The job of engine coolant antifreeze, is to protect the engine from, severe temperature and corrosion.
Always flush and replace your engine coolant antifreeze; at recommended intervals, or it will break down and not perform its job.
Consequently, if your engine coolant antifreeze quality prematurely degrades; severe damage to the engine and coolant system can result.
So, engine coolant antifreeze, has been called many different names. Actually, it should just be called, engine coolant. Because, what ever the water is mixed with and at what strength, the end result is, engine coolant.
Engine Coolant Antifreeze – What Does It Do
Checking the strength of the engine coolant antifreeze; is just as important for hot weather driving, as it is for cold weather.
A 50/50 mixture of ethylene glycol (EG) antifreeze and water will provide:
- Boiling protection up to about 255 degrees F with a 15 psi cap.
- Along with freezing protection down to -34 degrees F.
On the other hand, a 50/50 mixture of propylene glycol (PG) antifreeze and water will provide:
- Boiling protection to 257 degrees F.
- Along with a freezing protection to -26 degrees F.
So, increasing the concentration of antifreeze in the coolant; will raise its boiling temperature and lower its freezing point.
What About, Corrosion, Caused By Electrolysis
Engine coolant also plays an important role in, preventing corrosion, caused by electrolysis.
So, electrolysis occurs when, two dissimilar metals start swapping electrons, causing the metals to corrode.
Today’s engines have:
- Cast iron
- Magnesium alloys
So, electrolysis will slowly eat away at all the internal parts.
In fact, old engine coolant becomes a pretty good electrical conductor, accelerating internal electrolysis. The good news is that; it’s pretty easy to check the conductivity of your coolant, with a digital multimeter. Consequently, if the conductivity is high, it’s time for a coolant flush and fill.
Engine Coolant Antifreeze – Why Flush And Replace It
Flushing the cooling system, helps remove old scale and rust. Consequently, the corrosion inhibitors in new antifreeze; help prevent scale and rust buildup in the cooling system. New antifreeze helps keep the engine operating at its most efficient temperature; regardless of operating conditions and outside temperatures.
When you don’t flush-replace the antifreeze at recommended intervals; chemicals start to break down and cannot perform their job. Rust and scale buildup can lead to radiator hose, water pump or thermostat failure.
How To Test, Your Engine Coolant, For Electrolysis ( Using A Digital Multimeter )
Corrosion can and will prematurely aid in, cooling system failures. It usually starts with, the water pump, radiator, heater core, and finally the thermostat:
- To use your digital multimeter, start with a cool engine and open the radiator cap.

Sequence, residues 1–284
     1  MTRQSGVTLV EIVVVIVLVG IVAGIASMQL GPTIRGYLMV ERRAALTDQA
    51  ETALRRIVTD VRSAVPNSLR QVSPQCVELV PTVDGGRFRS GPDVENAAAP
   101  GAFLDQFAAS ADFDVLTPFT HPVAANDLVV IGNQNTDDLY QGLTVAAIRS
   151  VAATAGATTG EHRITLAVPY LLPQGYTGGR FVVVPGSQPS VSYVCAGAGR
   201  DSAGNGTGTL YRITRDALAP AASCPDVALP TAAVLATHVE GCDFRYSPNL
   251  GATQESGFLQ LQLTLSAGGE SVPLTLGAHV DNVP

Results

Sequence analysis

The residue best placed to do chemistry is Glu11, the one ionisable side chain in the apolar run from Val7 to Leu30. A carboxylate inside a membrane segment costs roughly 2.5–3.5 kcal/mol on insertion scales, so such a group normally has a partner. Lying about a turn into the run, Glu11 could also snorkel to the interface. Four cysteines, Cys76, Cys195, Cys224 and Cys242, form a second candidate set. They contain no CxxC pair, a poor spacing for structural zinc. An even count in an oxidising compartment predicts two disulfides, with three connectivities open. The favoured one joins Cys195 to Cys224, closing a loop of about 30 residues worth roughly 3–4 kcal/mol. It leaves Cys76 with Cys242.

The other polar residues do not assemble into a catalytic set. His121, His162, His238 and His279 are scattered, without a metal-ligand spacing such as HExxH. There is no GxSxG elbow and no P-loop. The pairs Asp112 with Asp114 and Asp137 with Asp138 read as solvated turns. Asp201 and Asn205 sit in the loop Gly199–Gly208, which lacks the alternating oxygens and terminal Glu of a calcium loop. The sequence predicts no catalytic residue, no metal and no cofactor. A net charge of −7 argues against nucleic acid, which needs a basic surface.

- Never open the radiator cap when the engine is hot to help prevent burn injuries.
- With the cap off, start the engine and let it idle, unit it reaches operating temperature.
- Take your multimeter, set it to DC voltage and place the negative probe, on the negative battery terminal.
- As for the positive probe, go ahead and dip that right into the coolant.
- If the meter reads .4 volts or less, the coolant is good.
- If it reads more than .4 volts, then the additives in the coolant; that prevent electrolysis have broken down.
How To Test, Your Engine Cooling Fan Motor
Firstly, unplug the wiring connector on the fan. After that, use a jumper wire, from the battery to route power, directly to the fan. If the fan motor is good, the fan should spin at normal speed, when supplied with 12 volts. Noisy bearings or a slower than normal speed, would indicate a worn motor.
How To Test, Your Engine Coolant Temperature (ECT) Sensor
- First be sure it is getting voltage at the harness. A bad harness, or cut in the wire, can cause the same symptoms as a bad (ECT).
- To test the harness for voltage turn the key to the ON position. Use a multimeter to measure for 5 Volts DC.
- The voltage may vary slightly, but should be close to 5 Volts.
- If you get a good reading than the harness is good. Move on to testing the (ECT) sensor itself.
- If you do not get a good 5 volt reading, than the harness is bad.
- A sensor can be tested while still in the vehicle. You will need to be able to reach it with the multimeter probes.
- The first test should be done, with the engine cold.
- To test it with a meter set it to Ohms to get a resistance reading.
- Use the multimeter leads, to touch the two prongs on the ECT sensor, were the harness plugs in.
- A good reading with a cold engine, should be between 1.5 and 2 Ohms. But, if no reading is seen than the sensor is bad.
- Sometimes a sensor can still give a reading, but not be working correctly. To test this do the same reading, but with the engine warmed up.
- When the engine is warm the resistance should drop. If it does not drop, than the sensor is bad and needs replaced.
Follow the guidelines in your vehicle owner’s manual, for flushing and replacing engine coolant antifreeze. Also, make sure you are using the proper type of coolant antifreeze, recommended for your particular vehicle.
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